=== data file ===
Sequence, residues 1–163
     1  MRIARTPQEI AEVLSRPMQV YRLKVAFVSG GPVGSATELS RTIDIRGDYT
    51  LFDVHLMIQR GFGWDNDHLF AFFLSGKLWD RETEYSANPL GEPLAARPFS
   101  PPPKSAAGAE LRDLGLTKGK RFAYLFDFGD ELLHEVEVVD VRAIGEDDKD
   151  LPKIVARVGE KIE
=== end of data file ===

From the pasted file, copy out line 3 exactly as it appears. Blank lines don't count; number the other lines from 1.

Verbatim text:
    51  LFDVHLMIQR GFGWDNDHLF AFFLSGKLWD RETEYSANPL GEPLAARPFS